“I won’t talk! I won’t say a word!” is the promise made in the opening scene of Michel Hazanavicius’ soundly entertaining “The Artist.” Keen pastiche, the terrific new trifle by the maker of the “OSS 117” spy spoof series, offers a “Singin’ in the Rain”-variety reassurance to the modern movie industry that its origins were joyous and true and good. To appropriate Jonathan Rosenbaum’s phrase, “Goodbye, cinema: hello, cinephilia.” Masses will be entertained, and rightly so. It’s not a feel-good movie; it’s A Feel Great Movie! But however buoyant, “The Artist, ” set in 1927-31 in the waning of the silent era, lacks the true needling naughtiness of actual exemplars from the time, like Raoul Walsh’s cheeky, kinetic 1933 “Sailor’s Luck,” to which Dave Kehr has been introducing audiences around the country in the past year. It’s like a $12 million Guy Maddin film, but without obsessions, peccadilloes, stylistic tics or bravura ruptures. Shot at Hollywood studios and on Los Angeles locations, “The Artist” is a feast of toothsome gloss. The Academy will lap it up gratefully, then lash it into a cage match with “Hugo” for best digitally-projected pentimento of a silver nitrate-print past. Ludovic Bource’s comprehensively ebullient score is scheduled to tour live with “The Artist”; more well-listened ears than mine will pick up which composers from the classic era are most leaned upon. With the timeless features of Jean Dujardin as the mustachioed star of the ending era, John Goodman as the barking studio head, and Bérénice Bejo as aspiring flapper-dancer “Peppy Miller” (good name; your work is done), James Cromwell, Penelope Ann Miller. Not to forget Uggie, a Jack Russell terrier among Jack Russell terriers. Woof! 100m. (Ray Pride)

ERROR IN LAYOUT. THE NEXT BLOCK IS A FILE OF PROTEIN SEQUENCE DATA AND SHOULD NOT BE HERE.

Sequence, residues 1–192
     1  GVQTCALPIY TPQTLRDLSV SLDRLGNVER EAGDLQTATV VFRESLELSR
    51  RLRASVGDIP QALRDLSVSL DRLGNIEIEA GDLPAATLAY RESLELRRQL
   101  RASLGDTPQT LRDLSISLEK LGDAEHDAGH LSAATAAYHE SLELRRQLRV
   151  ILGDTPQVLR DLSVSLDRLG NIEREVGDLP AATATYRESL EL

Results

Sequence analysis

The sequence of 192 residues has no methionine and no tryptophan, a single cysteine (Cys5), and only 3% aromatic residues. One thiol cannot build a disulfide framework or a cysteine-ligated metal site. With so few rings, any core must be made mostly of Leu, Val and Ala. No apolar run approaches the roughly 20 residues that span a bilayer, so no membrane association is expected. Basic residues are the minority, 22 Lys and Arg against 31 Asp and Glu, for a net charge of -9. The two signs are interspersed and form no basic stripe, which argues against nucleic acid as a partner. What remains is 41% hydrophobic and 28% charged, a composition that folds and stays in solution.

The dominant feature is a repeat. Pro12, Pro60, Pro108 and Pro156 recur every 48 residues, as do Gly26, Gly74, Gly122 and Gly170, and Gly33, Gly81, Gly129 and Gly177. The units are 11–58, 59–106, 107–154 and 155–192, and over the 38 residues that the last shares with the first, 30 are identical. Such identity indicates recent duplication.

“The Artist” opens Friday at River East, Landmark Century, Cine Evanston and Renaissance Place.
Ray Pride is Newcity’s film critic and a contributing editor to Filmmaker magazine.
His multimedia history of Chicago “Ghost Signs” will be published later this year.